Categorized | Reviews, RPGs

Carthians (Vampire: The Requiem) Review

Posted on January 3, 2012 by Billzilla

Available from

    A Covenant book for Vampire: The Requiem
    White Wolf Publishing
    224 pages

    Predators are competitors. They compete with other types of predators for food; they compete with others for territory. And they compete with others of their own kind for both food and territory as well. Sometimes, predators will form alliances with like-minded individuals to protect a larger area, making survival – even prosperity – more likely for all within the group. So it is with apex predators like vampires; they don’t care much to be around each other, but when faced with threats too big for one to handle, they band together to form protective groups. Those groups of like-minded vampires are called Covenants, and one of the most interesting of those is the Carthians. Based on the premise of greater equality and of emulating the institutions of their prey, Carthians hope to both blend in better – be less obviously a predator among the flock – and keep the stifling, unchanging nature of near-immortality at bay.

    Carthians begins with a fine piece of fiction by Greg Stolze to set the mood, then launches into a dissection of the Carthian Movement – its history, goals, and styles of governance. Carthians are no less monstrous in nature than other vampires, but are more inclined to help other Kindred within the movement, fully expecting that, when those others are on their feet and doing well they’ll help their fellow Carthians in return. This is about as selfless an attitude as one can expect from Kindred in the World of Darkness, making them fairly unique.

    Because of the Movement’s egalitarian notions, the Carthians are a popular covenant choice for Kindred only a few years into their Requiem. They tend not to have amassed the temporal control of other covenants, or have the monstrous supernatural abilities of ancient creatures found among the Invictus or the Circle of the Crone, but they do have one thing going for them: unity. Say what you will about factional in-fighting – and in any group of Kindred there’s plenty to say – but when the chips are down, Carthians will unite against common enemies more readily than other Kindred. Due to being favored by neonate Kindred, Carthians are frequently more up to date on popular culture – including the latest technology – than their more hidebound rivals. This is a quirk the covenant as a whole encourages for its obvious advantages.

    One issue I had with this book is not trivial: I found myself feeling deja vu as I read through the free PDF copy graciously supplied by White Wolf/CCP; the first two chapters seem as though they repeat information somewhat extensively. The words may be slightly different, but it ends up feeling repetitive and dull, and makes for a tough slog as a read. It’s as if they felt the concept of vampires trying to adopt a parlimentarian style of government would be too alien to grasp all at once, repeating the information like zen masters trying to drum a lesson into a dull student. It made for a lackluster reading experience, though it’s likely most interest in this book will be for reference rather than solely as a pleasurable read. Unlike the Invictus covenant book I reviewed several months ago, Carthians failed to hold my interest for long; I fully admit that may originate from my own biases, but again the repetitive nature of the material as presented plays a part.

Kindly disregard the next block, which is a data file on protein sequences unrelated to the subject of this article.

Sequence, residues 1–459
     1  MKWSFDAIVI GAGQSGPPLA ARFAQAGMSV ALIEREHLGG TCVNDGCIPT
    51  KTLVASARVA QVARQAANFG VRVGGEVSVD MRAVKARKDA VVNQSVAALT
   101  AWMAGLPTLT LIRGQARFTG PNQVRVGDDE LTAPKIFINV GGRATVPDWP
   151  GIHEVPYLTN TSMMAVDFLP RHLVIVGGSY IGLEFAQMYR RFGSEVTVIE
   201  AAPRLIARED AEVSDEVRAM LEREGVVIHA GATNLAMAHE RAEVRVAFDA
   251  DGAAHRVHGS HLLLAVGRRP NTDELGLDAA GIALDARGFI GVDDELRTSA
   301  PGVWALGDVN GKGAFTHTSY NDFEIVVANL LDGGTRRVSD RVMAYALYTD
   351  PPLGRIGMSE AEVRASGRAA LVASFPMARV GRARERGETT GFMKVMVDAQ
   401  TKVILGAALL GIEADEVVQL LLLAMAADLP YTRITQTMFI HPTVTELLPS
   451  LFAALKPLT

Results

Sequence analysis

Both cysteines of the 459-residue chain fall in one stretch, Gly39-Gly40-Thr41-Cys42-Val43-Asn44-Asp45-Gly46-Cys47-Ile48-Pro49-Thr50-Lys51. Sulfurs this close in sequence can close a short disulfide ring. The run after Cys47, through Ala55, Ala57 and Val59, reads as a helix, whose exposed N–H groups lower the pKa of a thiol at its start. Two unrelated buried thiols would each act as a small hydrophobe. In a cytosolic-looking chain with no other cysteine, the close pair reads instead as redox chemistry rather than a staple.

Another issue is chapter five’s definition of Carthian Law in a domain where Carthians hold praxis. Carthian Law in the instances given is a potent enough force unto itself to literally cancel out the attempted use of Theban Sorcery, Cruac, and other disciplines; this seems to wildly unbalance the game. Naturally, White Wolf repeats in each book the worthy mantra that these are not rules so much as guidelines – interesting suggestions a Storyteller may choose to incorporate if she so wishes. There is nothing forcing anyone to institute such rules regarding the psuedo-magical effects of Carthian Law. Perhaps this choice was seen as a measure to level the playing field against the powerful weapons at the disposal of the other covenants; point taken. Experimentation with rules in an RPG is a given so tossing out ideas is par for the course. Carthian unity is still a powerful weapon at the Movement’s disposal; even an ancient, evil Kindred will think twice about taking on a half-dozen younger Kindred. They may not be a match in terms of sheer power, but getting lucky and putting a stake into the heart of even so mighty a creature is vastly easier with more hands to try.

    The Carthian Movement is an intriguing concept within Vampire: the Requiem. While the Carthians covenant book may have flaws, they don’t diminish the intriguing possibilities inherent in such a faction. Carthians does a solid job of informing the reader of the workings of the Carthain Movement, fulfilling its intended function more than adequately.

    Rating: 3 out of 5 stars

    Review by Bill Bodden

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